“I don’t want to get into not having LaMarcus and I don’t want to get into having Nic out there,” head coach Terry Stotts said after the game. “Everybody knows what Nic can bring and what LA brings, so we have to figure out different ways of scoring and sometimes different ways of playing.”

“We’ve got to hold down the fort,” added guard Wesley Matthews. “We’ve got to figure it out. We’ve got to find ways to win and continue to play basketball the right way.”


VIDEO: Terry Stotts talks about the Blazers’ myriad of injuries

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One Stat, One Play: No corner 3 for you


VIDEO: One Stat, One Play: Keeping them away from the corners

HANG TIME NEW JERSEY – The corner three is one of the best shots on the floor. The league as a whole shoots them at 38.9 percent, scoring 1.17 points per shot on corner threes, slightly less than it does on layups (60.2 percent, 1.20)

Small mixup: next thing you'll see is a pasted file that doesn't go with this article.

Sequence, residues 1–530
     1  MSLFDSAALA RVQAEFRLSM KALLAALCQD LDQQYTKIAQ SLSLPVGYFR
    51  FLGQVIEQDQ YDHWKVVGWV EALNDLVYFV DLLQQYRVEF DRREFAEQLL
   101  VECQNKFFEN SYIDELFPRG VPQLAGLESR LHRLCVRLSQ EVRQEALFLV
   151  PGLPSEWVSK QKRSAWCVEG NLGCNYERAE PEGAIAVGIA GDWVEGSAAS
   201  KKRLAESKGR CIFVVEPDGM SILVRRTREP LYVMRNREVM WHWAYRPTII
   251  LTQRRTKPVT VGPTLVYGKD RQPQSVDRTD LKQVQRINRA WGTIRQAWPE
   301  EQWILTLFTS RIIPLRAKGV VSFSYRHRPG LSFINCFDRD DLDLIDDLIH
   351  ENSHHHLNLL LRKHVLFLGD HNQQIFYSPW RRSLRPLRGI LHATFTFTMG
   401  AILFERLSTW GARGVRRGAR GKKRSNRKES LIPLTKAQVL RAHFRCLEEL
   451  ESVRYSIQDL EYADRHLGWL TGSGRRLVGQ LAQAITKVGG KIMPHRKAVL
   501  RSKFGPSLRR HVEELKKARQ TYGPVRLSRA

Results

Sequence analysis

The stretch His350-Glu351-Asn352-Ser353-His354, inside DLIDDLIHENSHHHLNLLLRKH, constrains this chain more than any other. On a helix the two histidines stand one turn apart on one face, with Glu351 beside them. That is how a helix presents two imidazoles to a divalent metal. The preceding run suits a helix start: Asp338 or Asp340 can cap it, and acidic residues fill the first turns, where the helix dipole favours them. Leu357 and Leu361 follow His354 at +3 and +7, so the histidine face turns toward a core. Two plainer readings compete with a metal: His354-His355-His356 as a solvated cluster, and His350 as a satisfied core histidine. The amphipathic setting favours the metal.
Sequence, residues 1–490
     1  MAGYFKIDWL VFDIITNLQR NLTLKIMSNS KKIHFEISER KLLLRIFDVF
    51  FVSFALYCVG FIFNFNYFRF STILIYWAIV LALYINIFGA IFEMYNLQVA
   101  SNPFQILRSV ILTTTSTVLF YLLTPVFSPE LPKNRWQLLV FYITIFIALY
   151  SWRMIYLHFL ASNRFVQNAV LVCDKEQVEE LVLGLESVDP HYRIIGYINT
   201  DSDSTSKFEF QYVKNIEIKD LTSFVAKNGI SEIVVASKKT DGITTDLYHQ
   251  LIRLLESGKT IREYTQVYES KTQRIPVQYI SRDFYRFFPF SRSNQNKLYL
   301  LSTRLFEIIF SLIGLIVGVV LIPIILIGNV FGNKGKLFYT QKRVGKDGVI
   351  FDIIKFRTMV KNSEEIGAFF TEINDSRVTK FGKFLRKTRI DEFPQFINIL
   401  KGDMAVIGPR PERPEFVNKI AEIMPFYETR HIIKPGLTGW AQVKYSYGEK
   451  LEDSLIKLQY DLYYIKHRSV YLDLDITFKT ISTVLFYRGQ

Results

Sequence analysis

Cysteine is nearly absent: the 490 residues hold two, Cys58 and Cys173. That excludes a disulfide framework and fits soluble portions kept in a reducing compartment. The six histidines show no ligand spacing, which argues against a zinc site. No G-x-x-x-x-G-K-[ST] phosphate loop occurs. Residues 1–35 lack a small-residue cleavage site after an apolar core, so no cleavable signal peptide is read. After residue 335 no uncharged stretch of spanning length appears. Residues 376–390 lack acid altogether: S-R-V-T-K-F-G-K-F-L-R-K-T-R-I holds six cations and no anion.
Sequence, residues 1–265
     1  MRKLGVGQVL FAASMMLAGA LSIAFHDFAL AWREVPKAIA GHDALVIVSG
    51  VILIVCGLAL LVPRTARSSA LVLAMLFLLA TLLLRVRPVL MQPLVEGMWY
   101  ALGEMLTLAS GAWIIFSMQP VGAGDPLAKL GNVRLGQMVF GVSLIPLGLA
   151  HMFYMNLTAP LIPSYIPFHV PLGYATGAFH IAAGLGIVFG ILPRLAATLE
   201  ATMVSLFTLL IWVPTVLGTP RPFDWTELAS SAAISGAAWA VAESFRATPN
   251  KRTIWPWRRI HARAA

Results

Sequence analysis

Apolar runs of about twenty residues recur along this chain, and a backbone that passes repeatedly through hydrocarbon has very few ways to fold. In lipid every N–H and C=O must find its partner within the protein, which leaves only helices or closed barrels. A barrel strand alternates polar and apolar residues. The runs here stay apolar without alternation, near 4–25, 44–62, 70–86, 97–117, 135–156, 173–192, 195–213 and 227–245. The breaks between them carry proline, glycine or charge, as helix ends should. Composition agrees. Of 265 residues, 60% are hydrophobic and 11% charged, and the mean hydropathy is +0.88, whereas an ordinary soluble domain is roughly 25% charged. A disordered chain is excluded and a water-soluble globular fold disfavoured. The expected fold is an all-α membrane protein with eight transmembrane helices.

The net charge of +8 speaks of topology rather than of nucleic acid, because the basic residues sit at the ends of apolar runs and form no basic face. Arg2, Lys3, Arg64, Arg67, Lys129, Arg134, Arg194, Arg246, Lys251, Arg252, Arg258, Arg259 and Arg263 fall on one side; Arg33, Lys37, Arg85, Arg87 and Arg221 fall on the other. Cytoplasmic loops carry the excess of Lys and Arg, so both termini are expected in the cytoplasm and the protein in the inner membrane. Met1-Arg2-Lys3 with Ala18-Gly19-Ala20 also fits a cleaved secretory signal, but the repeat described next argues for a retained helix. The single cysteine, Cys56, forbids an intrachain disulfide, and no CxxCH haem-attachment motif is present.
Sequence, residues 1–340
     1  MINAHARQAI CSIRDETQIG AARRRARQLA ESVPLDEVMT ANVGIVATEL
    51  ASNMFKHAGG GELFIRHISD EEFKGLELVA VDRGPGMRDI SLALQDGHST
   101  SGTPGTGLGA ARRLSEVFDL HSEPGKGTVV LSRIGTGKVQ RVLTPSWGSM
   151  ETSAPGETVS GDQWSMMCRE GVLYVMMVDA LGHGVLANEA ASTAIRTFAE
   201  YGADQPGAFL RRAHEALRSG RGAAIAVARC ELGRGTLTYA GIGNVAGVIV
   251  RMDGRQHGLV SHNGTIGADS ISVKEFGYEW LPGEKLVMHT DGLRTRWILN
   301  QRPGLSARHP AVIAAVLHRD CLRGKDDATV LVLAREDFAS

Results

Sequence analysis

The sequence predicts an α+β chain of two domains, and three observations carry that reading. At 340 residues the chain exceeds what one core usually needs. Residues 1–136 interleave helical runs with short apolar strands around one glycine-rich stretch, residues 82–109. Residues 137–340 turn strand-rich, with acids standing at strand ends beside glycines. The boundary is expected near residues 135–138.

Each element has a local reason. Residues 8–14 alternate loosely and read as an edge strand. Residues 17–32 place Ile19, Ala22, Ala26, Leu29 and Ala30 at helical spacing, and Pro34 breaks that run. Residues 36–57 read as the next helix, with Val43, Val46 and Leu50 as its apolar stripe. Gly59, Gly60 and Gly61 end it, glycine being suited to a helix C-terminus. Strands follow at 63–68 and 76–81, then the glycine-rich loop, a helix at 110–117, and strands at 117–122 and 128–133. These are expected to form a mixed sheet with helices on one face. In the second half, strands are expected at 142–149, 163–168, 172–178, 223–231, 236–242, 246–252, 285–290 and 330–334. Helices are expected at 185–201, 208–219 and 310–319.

If teams want to score efficiently, it’s helpful to have a decent amount of corner threes in one’s offensive diet. Seven of the top 10 offenses in the league also rank in the top 10 in percentage of their shots that come from the corners.

Overall, it’s important for defenses to keep opponents out of the corners. There’s not as strong a correlation between corner threes and efficiency on defense than there is on offense (the Hawks’ third-ranked D allows the highest percentage of shots from the corners), but the correlation still exists.

In each Tom Thibodeau‘s five seasons as coach of the Chicago Bulls, his team has ranked first or second in preventing corner threes.

20150122_chi_cnr3